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What Is Literature? Essay

1620 words - 6 pages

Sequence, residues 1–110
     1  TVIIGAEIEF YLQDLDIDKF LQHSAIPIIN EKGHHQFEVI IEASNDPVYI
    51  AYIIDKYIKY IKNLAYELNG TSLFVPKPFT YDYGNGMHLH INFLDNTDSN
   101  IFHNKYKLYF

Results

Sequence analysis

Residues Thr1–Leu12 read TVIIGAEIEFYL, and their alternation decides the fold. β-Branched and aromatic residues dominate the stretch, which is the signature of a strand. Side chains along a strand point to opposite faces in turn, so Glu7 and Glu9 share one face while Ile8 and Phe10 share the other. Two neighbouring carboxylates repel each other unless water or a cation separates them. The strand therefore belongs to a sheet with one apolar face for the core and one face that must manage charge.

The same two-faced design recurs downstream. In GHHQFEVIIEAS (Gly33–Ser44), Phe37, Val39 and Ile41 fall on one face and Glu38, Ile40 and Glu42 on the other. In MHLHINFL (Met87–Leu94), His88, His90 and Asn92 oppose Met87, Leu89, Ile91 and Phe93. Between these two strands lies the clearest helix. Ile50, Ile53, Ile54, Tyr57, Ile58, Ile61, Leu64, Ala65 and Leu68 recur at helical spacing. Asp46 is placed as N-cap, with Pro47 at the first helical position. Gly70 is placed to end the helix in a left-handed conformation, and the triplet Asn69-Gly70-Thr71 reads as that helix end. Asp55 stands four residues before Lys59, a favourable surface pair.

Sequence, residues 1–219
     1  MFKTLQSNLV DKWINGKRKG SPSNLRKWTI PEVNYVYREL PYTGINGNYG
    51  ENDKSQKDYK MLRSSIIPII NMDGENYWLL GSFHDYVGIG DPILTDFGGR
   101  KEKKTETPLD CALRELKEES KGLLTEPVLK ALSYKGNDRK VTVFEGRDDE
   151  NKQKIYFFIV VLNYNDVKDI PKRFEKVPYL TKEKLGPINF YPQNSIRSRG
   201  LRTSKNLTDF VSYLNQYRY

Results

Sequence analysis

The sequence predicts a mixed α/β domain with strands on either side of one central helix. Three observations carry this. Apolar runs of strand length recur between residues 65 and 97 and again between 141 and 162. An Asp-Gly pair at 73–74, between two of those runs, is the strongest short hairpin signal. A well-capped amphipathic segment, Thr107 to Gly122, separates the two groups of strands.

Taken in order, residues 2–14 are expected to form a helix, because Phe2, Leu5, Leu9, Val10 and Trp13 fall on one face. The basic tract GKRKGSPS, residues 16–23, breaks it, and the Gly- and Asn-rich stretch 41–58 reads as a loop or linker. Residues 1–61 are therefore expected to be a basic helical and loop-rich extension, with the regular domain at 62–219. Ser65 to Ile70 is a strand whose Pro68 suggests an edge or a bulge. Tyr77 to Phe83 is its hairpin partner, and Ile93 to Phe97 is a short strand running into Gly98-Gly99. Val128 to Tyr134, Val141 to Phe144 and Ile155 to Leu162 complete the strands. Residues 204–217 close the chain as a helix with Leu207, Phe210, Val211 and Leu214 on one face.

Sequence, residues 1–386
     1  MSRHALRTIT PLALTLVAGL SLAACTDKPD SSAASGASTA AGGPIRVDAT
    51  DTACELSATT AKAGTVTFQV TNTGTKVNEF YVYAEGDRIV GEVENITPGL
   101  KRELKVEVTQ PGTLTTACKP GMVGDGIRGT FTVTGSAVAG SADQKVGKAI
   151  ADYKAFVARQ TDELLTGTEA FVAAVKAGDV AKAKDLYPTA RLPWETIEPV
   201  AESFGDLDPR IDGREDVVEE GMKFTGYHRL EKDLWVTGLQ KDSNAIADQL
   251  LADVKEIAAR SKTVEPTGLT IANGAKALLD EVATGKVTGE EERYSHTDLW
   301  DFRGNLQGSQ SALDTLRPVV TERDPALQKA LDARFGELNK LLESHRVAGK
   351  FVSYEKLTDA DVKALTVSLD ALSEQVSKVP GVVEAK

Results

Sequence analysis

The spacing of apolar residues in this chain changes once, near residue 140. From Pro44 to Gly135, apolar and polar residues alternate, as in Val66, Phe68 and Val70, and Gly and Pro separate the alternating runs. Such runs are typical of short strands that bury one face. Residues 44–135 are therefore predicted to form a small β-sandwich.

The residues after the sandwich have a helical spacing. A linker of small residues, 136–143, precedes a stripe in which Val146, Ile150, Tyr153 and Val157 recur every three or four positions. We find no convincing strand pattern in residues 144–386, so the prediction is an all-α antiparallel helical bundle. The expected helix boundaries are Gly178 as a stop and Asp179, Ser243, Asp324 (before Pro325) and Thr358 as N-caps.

Literature as ProblemOf the set of problems facing literary instruction in foreign language depart-ments, the most recurring ones stem from the specific status and the role of literature, and its relationship to the teaching of language. In this country, as well as elsewhere, there has been an increasing concentration on pragmatic methods of communicative approach to foreign language teaching that sees literature as one of the mediums through which a language can be taught. In an almost canonical book, Literature in the Language Classroom, Collie and Sla-ter (1987) claim, as do most teacher trainers, that literary texts should be used in the language classroom because they offer:·valuable authentic material,·cultural enrichment,·language enrichment,·personal involvement.The shortcomings of such an approach are evident. The fact that the authors left out of their list two important, primary features of literature, namely, the formation of aesthetic sense, and the development of critical and creative thinking, and, on the other hand, emphasised secondary ones, means that they reduced literary instruction to the position of a facilitator of a more important process - the teaching of language. Recent debates in most social sciences, however, point to the growing importance of the excluded concept of critical thinking, especially because it becomes evident in many fields that traditional skills cannot satisfy the demands put on us by the increasing sophistication of our life any longer. According to Thomas and Smoot (1994, p. 34), "today's jobs demand higher-order thinking skills of workers", and, the educational sys-tem must reflect this situation by reconsidering its preferences. In their article, they summarise the reports of state task forces and curriculum frameworks on different educational levels, each of them stressing the need for the develop-ment of critical thinking teaching in all subjects.What is critical thinking? The fact that there have been many attempts to de-fine this concept from different perspectives (psychological, philosophical, etc.) shows that it is not simple. The complication is highlighted by its inter-disciplinary nature - it spans across all social and natural sciences, with par-ticular manifestations and specificities in each of them. When viewed from the perspective of Cognitive Psychology, for example, critical thinking is "the abil-ity to analyse facts, generate and organise ideas, defend opinions, make com-parisons, draw inferences, evaluate arguments and solve problems" (Chance, 1986, p. 6). For Philosophy, critical thinking is "the intellectually disciplined process of actively and skilfully conceptualising, applying, analysing, synthe-sising, and/or evaluating information gathered from, or generated by, observa-tion, experience, reflection, reasoning, or communication, as a guide to belief and action" (Scriven and Paul, 1992). There are also attempts at its definition from other...

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